Most unit tests are not unit tests and their authors suffer for it. What is unit testing, really? How can writing them prevent classic testing problems? If you do write them, what trade-offs are you implicitly making?
Your unit test suite takes three minutes to run 500 tests. On a modern CPU, that’s just shy of a billion instructions per test. Can something that takes a billion CPU instructions really be called a “unit”? What is that suite really testing? Many (and probably most) unit testing failures are related to size. Most common are the suite that takes half an hour to run (so no one runs it), the suite whose runtime scales like lines_of_code^2 (so, again, no one runs it), and the suite that requires huge maintenance for small changes (leading to the “testing is slow” myth).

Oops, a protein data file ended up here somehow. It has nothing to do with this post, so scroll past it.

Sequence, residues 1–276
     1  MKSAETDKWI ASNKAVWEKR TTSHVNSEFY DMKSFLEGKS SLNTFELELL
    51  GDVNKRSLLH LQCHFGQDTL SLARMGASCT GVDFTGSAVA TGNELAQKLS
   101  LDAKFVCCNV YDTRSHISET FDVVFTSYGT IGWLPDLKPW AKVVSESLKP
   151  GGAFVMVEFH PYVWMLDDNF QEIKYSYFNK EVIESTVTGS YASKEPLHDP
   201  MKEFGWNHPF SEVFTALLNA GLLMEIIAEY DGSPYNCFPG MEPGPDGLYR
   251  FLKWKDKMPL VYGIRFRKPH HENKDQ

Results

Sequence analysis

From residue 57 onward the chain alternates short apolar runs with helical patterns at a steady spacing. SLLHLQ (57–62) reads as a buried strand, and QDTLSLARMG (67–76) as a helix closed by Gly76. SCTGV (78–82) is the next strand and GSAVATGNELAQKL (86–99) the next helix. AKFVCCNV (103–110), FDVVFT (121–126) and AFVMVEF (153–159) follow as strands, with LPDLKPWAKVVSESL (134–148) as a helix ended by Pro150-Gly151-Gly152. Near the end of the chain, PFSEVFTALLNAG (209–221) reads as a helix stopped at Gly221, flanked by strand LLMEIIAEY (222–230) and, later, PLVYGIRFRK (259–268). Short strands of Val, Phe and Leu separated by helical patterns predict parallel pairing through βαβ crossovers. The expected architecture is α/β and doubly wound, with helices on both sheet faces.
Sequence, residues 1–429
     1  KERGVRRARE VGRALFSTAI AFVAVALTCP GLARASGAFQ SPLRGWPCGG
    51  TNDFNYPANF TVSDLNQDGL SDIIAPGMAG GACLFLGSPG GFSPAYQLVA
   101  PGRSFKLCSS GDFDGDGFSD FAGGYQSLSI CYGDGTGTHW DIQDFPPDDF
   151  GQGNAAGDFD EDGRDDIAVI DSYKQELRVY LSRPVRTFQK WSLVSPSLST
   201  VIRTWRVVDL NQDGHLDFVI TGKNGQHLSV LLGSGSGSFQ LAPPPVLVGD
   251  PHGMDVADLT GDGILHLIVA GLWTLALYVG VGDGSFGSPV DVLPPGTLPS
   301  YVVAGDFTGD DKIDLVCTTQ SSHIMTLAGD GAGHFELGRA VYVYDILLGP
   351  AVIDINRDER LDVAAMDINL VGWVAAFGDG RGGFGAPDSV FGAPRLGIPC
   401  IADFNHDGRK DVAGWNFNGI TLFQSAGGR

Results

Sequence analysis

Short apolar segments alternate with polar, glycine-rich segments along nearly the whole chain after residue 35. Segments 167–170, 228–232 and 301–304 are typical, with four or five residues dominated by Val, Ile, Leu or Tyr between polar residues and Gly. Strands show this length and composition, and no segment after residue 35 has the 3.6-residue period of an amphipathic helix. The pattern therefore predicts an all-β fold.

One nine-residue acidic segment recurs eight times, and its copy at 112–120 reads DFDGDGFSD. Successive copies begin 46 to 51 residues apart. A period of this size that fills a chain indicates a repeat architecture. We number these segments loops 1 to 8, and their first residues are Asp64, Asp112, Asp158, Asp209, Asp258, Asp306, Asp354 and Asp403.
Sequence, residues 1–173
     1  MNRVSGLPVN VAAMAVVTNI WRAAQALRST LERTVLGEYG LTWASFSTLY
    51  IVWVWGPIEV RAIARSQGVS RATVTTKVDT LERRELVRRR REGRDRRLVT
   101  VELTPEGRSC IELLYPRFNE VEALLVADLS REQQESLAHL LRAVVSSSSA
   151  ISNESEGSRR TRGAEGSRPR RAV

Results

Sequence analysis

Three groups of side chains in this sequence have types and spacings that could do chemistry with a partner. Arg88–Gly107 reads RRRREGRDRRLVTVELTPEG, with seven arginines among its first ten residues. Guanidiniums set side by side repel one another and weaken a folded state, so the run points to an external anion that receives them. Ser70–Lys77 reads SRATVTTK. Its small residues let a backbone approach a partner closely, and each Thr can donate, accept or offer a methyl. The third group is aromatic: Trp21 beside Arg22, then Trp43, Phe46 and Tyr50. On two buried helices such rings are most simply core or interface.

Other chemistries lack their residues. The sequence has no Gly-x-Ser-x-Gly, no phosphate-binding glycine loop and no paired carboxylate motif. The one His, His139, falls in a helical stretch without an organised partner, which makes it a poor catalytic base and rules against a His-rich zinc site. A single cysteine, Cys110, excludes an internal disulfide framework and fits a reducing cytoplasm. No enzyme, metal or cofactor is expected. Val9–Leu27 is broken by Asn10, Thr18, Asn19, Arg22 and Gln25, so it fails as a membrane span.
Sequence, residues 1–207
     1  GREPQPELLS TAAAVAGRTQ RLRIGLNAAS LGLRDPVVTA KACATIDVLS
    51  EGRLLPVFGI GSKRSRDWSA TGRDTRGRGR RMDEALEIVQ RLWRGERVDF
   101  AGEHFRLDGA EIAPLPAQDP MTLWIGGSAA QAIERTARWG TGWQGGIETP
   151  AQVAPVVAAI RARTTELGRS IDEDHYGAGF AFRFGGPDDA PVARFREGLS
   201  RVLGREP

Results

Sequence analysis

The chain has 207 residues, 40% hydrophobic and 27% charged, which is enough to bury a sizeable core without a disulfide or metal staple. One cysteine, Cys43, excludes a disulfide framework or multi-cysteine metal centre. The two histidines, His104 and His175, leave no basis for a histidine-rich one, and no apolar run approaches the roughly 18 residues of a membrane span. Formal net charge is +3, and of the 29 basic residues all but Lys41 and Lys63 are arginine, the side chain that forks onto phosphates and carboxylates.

This talk is about the “unit” in “unit test”: what does it really mean, why do we care, and how does it prevent the three crippling problems above? And, of course, if we do shift our focus toward unit tests, what trade-offs are we really making?
Video Producer: Pycon US Conference